Photo: Kylie Hemmert
Six o’clock in the morning is way too early to wake up on a Saturday, but I was on a mission. By eight we had the car loaded up and we were on the road, driving about four hours down the freeway back to our hometown of Salt Lake City. Picking up my dear friend along the way, we made our way downtown to join thousands of others crowded together in the heat and ready to spread the message of love and acceptance, with some music to help us along the way.
In 2017, Imagine Dragons and a handful of other musicians and speakers created the inaugural LOVELOUD Festival event in Orem, Utah. The Salt Lake Tribune reported about 17,000 fans showed up to support organizations for LGBTQ youth and to listen to some of their favorite artists at the Brent Brown Ballpark.
Last Saturday on July 28, 2018, LOVELOUD returned with nearly double the numbers as 30,000 people filled the Rice-Eccles Stadium at the University of Utah, and I was lucky enough to attend. The festival was full of musicians, dancers, and speakers — including Imagine Dragons, Linkin Park’s Mike Shinoda, Zedd, Olympian Gus Kenworthy, Grace VanderWaal, Mary Lambert, former NFL player Steve Young, Tyler Glenn, Julianne Hough, Apple CEO Tim Cook, Alfonso Ribeiro, Property Brothers’ Drew Scott, comedian/emcee Cameron Esposito, and more — sharing their hearts and stories as the even was livestreamed worldwide allowing thousands more to join in on a celebration of love, equality, and supporting LGBTQ youth.
By the end of the night, fans watching from home and those of us who purchased tickets and filled that stadium with love and light helped to raise over $1 million dollars with every cent of the proceeds going towards organizations like The Trevor Project, the Tegan & Sara Foundation, and Encircle that work to help support LGBTQ youth and save lives.
The goal for the night was to raise over $1 million, and they did that. We did that.
Imagine Dragons’ lead singer Dan Reynolds has led the way in attempting to lower the suicide rate of LGBTQ youth especially in Utah where the rate is astronomical — in fact, it’s the leading cause of death in kids ages 10 to 17. In the United States, suicide is the second-leading cause of death for teenagers, according to the Centers for Disease Control and Prevention, with LGBTQ youth at even higher risk of suicide. Raised as a Mormon, Dan knows how religious guilt and rejection from friends and family for being LGBTQ is correlated with the high suicide rates of young people in Utah. So, Dan created a movement that has inspired thousands in order to bring about understanding and change, recognizing that open minds and open hearts can battle ignorance, provide support, and help save our youth.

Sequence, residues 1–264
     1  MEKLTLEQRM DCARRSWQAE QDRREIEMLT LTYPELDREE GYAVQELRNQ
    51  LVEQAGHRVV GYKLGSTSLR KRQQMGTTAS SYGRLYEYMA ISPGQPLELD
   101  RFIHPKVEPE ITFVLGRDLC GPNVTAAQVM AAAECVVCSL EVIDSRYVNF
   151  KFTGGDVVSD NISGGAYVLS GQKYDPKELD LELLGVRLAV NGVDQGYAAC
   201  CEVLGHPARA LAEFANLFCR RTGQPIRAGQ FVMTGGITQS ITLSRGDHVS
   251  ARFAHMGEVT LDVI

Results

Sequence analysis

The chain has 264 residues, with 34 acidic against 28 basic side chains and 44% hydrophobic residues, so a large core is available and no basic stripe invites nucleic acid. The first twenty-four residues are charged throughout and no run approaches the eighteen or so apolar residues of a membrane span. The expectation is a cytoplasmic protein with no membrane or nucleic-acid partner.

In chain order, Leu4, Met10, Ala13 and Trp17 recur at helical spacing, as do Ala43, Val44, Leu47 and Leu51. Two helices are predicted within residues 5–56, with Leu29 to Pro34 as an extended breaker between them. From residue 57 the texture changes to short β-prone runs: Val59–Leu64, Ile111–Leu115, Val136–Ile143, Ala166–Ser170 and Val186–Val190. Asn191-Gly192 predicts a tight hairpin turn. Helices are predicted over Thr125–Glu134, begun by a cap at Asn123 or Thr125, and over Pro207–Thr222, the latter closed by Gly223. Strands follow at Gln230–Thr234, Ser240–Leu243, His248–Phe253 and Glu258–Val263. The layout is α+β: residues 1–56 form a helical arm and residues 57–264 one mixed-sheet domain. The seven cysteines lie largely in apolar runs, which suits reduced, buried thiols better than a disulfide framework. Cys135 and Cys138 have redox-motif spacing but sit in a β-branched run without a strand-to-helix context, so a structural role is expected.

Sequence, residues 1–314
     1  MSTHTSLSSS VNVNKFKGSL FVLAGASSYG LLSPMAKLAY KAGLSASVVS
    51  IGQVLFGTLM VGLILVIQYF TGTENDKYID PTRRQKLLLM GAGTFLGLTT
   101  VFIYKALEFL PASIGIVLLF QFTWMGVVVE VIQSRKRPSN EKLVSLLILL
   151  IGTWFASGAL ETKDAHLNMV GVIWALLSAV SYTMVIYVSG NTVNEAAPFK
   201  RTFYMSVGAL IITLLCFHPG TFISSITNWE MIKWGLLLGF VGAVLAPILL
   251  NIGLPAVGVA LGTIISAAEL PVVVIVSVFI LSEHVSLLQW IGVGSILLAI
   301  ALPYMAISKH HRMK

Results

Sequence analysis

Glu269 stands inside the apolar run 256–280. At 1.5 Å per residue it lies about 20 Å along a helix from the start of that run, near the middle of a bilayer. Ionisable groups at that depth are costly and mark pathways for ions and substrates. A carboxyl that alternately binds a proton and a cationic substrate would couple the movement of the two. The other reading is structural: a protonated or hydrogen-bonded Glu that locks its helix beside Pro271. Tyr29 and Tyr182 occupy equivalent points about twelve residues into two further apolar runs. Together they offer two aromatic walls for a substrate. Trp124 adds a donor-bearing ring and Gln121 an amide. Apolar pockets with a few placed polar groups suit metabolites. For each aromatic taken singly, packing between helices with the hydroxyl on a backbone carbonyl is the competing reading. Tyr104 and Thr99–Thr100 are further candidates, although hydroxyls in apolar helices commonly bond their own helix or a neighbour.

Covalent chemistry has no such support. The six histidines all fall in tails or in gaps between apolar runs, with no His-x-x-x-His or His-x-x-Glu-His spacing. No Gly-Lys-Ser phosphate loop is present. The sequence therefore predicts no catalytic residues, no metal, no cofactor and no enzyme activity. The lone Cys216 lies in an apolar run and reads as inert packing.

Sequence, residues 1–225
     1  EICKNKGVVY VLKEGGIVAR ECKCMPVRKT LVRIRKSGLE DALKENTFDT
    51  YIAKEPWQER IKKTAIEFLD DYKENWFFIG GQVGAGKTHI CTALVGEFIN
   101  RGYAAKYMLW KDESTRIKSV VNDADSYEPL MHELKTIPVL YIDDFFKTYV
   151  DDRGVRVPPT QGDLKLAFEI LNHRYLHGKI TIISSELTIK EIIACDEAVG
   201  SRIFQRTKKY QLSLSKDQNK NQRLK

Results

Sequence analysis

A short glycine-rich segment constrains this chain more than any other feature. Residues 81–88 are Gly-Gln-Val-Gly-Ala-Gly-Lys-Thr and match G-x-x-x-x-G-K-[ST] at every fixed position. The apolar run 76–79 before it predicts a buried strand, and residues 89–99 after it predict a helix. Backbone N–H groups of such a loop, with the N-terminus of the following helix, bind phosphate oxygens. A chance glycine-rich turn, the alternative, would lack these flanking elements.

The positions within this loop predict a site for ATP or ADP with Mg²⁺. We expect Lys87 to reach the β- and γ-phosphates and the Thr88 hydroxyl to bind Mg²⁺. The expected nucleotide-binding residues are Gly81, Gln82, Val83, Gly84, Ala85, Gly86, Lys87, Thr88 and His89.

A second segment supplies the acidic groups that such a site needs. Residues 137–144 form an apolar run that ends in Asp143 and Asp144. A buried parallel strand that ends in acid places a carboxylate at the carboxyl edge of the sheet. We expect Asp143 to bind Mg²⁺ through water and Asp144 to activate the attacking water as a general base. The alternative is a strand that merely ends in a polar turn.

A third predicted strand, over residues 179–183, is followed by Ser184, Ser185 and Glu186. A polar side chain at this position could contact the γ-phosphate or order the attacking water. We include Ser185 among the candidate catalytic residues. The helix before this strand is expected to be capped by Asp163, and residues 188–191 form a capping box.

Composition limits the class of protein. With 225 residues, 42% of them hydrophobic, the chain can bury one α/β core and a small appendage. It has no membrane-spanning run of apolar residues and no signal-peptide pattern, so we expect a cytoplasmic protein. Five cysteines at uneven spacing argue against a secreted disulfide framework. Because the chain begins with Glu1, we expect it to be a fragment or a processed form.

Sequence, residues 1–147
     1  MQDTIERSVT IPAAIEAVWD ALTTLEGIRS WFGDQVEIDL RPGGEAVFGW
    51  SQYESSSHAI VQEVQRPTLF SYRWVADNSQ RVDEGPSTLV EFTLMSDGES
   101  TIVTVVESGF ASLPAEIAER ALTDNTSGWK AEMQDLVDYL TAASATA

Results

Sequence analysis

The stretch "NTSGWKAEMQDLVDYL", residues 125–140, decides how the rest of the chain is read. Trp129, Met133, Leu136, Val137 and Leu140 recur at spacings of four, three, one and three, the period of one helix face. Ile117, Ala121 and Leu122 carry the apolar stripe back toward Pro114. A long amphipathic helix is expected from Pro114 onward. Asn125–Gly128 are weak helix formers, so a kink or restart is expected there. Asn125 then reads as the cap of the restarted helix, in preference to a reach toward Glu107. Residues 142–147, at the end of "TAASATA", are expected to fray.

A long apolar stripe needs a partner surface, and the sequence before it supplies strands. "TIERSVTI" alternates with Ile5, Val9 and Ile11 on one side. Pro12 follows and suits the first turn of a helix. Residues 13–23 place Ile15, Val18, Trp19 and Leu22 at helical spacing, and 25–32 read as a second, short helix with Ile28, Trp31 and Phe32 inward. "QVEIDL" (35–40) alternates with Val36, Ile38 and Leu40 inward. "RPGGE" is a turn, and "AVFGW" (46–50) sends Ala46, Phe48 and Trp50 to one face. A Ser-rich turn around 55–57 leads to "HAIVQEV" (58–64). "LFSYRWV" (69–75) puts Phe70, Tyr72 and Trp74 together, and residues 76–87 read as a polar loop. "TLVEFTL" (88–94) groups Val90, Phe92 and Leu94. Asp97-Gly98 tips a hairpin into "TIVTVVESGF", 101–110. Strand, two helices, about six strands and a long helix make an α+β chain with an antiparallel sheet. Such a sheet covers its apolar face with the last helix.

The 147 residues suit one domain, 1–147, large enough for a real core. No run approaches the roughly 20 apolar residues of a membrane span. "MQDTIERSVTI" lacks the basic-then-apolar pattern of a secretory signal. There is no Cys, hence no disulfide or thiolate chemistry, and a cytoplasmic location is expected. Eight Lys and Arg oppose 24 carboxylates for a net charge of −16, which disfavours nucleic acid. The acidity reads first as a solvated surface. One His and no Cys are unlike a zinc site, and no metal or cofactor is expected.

The LoveLoudFest website explains that the LOVELOUD Foundation Reynolds started has a mission to “ignite the vital conversation about what it means to unconditionally love, understand, accept and support our LGBTQ+ friends and family.” They also specifically note how the LGBTQ youth in “unaccepting homes and communities are 8 times more likely to commit suicide and 3 times more likely to engage in risky drug use.” Reynolds founded LOVELOUD in 2017 in an effort to bring communities and families together, and to offer hope to young people who need to hear that they are not alone.
I attended the event with my mom and my best friend. We sat in section N23, row 28, on the bottom of the second level and directly across from the stage. We weren’t up close, but I realized quickly how perfect the seats were because we could see and feel the energy of the entire stadium.
One moment that hit me hard was Linkin Park’s Mike Shinoda’s set where he shared some stories and thoughts on top of his music. Considering the loss of his friend and LP lead singer Chester Bennington to suicide, the fight to prevent LGBTQ deaths at their own hands felt even more profound when Shinoda briefly mentioned Chester’s passing and explained why he had reached out to Dan to be a part of the festival.